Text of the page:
There’s no question it’s a long day, but who said becoming a great sportsman was easy? Children who aspire to reach the top in swimming, for example, have been undertaking this arduous schedule for decades. In Scottish football, the practice of taking short-cuts, of paying lip service to the development of players, has reaped predictable, stunted results. Nothing satisfactory has replaced the streets and public parks, the former self-learning environments for youngsters.

    There’s no question that the boys have a long day but who ever said that becoming a great sportsman was easy?

    Perhaps worse, many aspiring players, their heads turned by the prospect of well-paid careers as professional footballers, have scorned the notion of needing to acquire academic qualifications. For those who don’t make it – that is the vast majority – this cavalier approach to class work, illustrated graphically by Andy McLaren, the former United player, in his biography, usually means they have nothing to fall back on when football fails them.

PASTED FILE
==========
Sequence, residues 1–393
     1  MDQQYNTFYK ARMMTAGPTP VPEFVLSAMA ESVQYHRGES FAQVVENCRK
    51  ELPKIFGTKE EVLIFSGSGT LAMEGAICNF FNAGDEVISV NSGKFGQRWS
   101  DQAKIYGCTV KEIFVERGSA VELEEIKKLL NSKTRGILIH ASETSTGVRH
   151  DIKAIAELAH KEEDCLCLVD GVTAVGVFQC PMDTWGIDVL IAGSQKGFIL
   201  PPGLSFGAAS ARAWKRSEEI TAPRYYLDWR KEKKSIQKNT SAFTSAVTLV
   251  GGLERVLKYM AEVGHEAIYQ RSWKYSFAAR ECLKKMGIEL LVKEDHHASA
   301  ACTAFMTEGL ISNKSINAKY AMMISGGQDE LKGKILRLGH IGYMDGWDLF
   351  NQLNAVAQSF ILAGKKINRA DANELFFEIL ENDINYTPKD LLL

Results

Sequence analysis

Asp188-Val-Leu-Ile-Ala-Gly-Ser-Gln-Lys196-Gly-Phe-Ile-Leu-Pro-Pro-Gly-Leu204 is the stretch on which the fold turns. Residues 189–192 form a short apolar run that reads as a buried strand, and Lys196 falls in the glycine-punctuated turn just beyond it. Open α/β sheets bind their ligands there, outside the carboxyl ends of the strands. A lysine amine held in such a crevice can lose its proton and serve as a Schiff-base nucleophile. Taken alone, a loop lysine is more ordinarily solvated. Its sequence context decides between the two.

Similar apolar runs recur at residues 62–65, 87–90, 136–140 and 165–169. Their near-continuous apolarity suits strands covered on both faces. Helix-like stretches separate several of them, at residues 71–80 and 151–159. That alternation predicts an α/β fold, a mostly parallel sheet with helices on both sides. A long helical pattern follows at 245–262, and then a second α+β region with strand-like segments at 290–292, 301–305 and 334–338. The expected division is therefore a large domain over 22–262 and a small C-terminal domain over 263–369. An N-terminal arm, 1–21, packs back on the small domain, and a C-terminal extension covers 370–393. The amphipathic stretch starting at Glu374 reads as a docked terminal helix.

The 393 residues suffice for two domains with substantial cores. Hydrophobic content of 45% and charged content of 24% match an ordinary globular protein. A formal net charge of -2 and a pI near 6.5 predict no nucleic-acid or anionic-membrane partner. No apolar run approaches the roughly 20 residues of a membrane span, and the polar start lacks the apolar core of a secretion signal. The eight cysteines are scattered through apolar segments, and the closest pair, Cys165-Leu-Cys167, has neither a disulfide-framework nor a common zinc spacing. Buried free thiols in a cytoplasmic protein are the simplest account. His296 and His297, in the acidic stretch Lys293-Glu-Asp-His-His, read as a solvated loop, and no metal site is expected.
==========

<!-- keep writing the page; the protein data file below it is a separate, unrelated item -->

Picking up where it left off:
The beauty of Cathro’s vision is that it embraces both cultures. The 11 boys at St John’s devote a minimum of 20 hours a week to football, which is more than three times what they would have received in the normal Dundee United youth system. Training starts at 7.45am and continues until 9.30am. It resumes after school at 3.45pm and ends at 5.30pm. As these hours indicate, the boys miss the school’s first period of the day, but join the second class with their fellow first-year pupils at 9.50am. Any classwork missed has to be caught up on at home at night, but the school has ensured that core subjects are not taught in the first period, thus ensuring the boys’ academic work is not compromised.